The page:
Andre Powell: Man on a Mission

CLEMSON – With the talent level on the Clemson football team, new assistant coach Andre' Powell says there's absolutely no reason why the team's kickoff coverage should be one of the worst in the nation. And this spring, he's determined to make sure that's no longer the case.

Powell, who replaced Burton Burns as the running backs coach, will handle coaching the kickoff coverage and kick return teams this season. He's also expected to handle punt return duties, but right now, his primary goal is to improve the Tigers' 113th ranking in kickoff coverage.

"Obviously Clemson wasn't as good on kickoff coverage as they would like to have been," Powell said after practice Monday night. "Whether it cost them a game or not, who knows? Nevertheless, you've got to get better and you've got to get the players to be better."

Simply put, Powell was stunned when he first saw film of last season.

He saw mistakes that were easy to fix and he also saw outdated techniques that needed to be changed immediately.

He said a common mistake is for coaches not to stay up to date on all the advances in special teams.

"Some guys have a tendency not to study it," Powell said. "It takes time and you have to steal time and it's not easy. And as a result, they do things that they were taught years ago, things that aren't sound. They're not up to date in technique.

"I asked the (graduate assistant) here to give me all the cutups of the kickoffs that got beyond the 30. Well, there were 22 of them. And I'm not trying to take jabs at whoever had it last year, that's not my point. (At North Carolina) we had a lot less players and I'm not sure we had five get beyond the 20."

Powell said the biggest problem was that the kickoff coverage team wouldn't adjust to the change of directions or the overloading of one side or the other, which caused the Tigers to constantly be outmanned.

"They get outflanked and they didn't read," Powell said. "It's a matter of running down, reading, redirecting and knowing the proper way to take on blocks and when to use your hands."

One aspect that was constantly preached by the coaches last year was for the players to stay in their designated lanes. They routinely said that the players not staying in their assigned lanes led to the breakdown in coverage.

Powell said that's not the case at all.

"You will never hear me say ‘lanes,'" he said. "You will never hear me say ‘lanes' in terms of being good. You will hear me say redirect. Lanes are no good, unless you're driving down Interstate 85, then you stay in your lane."

Powell is also one that understands what it takes to correct messes in special teams. He took over as special teams coordinator at North Carolina and improved the Tar Heels from one of the worst kickoff coverage units in the coutnry to No. 14 last year.

He expects similar results at Clemson.

"Coach (Tommy) Bowden has told me I could have the pick of personnel," Powell said. "So, if you get good personnel and you get good kicks, I feel confident we'll be one of the better kickoff teams in the country. …

"I'm a guy that has been a special teams coordinator and two years ago, we were 113th in the country. Some of the things we did were so common sense, but it just took me spending a couple of days with a couple of coaches and explaining kickoff coverage theory.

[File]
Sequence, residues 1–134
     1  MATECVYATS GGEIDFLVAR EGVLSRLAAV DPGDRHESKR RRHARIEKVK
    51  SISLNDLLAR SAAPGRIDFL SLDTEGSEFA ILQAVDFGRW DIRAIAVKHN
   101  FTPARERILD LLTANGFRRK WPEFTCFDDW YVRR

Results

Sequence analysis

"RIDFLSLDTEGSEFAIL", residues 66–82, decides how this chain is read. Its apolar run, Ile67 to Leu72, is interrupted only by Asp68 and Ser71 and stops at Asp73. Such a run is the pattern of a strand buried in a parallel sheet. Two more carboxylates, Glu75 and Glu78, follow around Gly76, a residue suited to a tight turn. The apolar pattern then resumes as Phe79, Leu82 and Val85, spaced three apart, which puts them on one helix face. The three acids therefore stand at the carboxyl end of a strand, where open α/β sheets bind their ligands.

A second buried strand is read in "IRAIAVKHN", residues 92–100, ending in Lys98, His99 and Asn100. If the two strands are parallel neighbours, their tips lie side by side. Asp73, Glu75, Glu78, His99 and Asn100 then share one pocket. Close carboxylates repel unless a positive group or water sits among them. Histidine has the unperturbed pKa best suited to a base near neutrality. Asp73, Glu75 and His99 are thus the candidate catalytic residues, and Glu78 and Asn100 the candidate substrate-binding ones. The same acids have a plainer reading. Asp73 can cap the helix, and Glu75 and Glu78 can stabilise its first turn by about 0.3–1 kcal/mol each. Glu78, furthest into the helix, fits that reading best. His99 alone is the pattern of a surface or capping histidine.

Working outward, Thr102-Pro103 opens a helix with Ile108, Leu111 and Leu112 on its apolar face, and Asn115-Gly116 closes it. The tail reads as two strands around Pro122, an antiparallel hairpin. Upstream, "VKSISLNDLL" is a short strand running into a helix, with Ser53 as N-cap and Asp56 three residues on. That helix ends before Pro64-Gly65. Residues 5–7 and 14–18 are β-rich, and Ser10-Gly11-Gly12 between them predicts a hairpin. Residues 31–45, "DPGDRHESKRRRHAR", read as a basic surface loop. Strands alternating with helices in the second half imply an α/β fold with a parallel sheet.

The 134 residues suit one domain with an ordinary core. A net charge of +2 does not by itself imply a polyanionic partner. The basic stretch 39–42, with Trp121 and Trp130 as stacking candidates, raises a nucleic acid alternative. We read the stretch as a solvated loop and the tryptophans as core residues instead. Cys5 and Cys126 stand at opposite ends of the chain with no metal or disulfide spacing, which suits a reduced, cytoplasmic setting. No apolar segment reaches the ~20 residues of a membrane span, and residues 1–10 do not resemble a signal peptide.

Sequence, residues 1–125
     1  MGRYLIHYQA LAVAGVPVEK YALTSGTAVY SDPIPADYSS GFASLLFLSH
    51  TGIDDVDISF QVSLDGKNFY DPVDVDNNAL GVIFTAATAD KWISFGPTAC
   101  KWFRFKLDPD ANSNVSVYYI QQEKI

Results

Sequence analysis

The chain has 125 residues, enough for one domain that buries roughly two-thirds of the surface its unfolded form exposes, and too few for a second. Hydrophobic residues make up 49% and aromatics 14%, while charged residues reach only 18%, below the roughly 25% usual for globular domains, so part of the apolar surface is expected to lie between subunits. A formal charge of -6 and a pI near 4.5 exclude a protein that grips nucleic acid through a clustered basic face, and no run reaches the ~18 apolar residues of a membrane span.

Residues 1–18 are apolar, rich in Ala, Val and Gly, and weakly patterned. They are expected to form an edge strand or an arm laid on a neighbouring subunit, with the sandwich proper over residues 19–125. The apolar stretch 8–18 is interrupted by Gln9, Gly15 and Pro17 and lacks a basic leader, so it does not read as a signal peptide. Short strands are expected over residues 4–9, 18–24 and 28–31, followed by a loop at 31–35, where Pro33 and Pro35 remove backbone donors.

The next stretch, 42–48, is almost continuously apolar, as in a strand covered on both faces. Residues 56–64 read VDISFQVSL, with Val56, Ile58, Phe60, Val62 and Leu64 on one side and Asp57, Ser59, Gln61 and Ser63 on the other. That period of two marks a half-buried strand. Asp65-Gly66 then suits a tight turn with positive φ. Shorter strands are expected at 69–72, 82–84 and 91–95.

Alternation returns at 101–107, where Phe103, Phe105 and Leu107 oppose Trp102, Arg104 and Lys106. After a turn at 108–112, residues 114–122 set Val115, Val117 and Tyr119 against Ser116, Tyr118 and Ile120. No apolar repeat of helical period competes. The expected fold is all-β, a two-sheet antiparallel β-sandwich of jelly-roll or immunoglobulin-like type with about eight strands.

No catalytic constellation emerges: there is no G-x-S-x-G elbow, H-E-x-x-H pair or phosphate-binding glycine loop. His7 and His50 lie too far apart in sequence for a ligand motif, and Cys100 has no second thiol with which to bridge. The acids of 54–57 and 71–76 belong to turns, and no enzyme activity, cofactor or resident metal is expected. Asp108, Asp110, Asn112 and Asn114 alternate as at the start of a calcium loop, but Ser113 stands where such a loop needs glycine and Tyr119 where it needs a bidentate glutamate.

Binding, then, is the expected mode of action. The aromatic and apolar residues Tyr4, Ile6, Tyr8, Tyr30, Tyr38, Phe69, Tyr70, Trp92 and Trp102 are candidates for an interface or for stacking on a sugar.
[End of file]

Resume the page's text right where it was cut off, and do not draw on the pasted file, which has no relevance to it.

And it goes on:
"I want to win. I haven't been in a situation in a long time where I've got a chance to win them all. At North Carolina, we had a chance to win some. We've got a chance to win them all. And playing great on special teams will help you win them all then let's do it."

Powell will spend Tuesday meeting with the Tampa Bay Buccaneers special teams coach, before talking and meeting with coaches from the Carolina Panthers, Baltimore Ravens, Green Bay Packers, San Francisco 49ers and New Orleans Saints.

"With the guys we've got, that thing ought to be good," Powell said. "It ought to be a work of art. I'm excited about it."

Monday Practice Notes
Barry Humphries, Bobby Hutchinson and walk-on Ben Ramsey continue to compete for the starting center spot and Bowden is really hoping one of those three can get the job done instead of having to move guard Thomas Austin. Bowden said he will have a better understanding of what he might have to do after Wednesday's practice when there are live inside drills between the offensive and defensive lines. …

Bowden also said safety DeAndre McDaniel "has jumped out defensively." … Safety Chris Clemons didn't practice due to visiting his sick grandmother in an Atlanta hospital. … Safety Michael Hamlin gets his walking cast off Tuesday. …

Bowden said he likes the way tailbacks James Davis and C.J. Spiller have taken charge from a leadership standpoint. … Bowden said he will have a better grasp of the punting, placekicking and kickoff duties after Wednesday when the team goes live. Redshirt freshman Richard Jackson is in the hunt for all three jobs. Bowden said he's never had one player do all three. …

Bowden said he's been impressed with how quarterback Cullen Harper has been able to translate what he's learned in the classroom to executing it to the football field. Harper has been getting four plays per series, while Tribble Reese gets three and Michael Wade and Willy Korn each get two. …

Bowden will decide after spring practice whether or not to name Powell as the special teams coordinator. … Bowden said freshman tight end Brian Linthicum will not redshirt and will receive playing time. Top Stories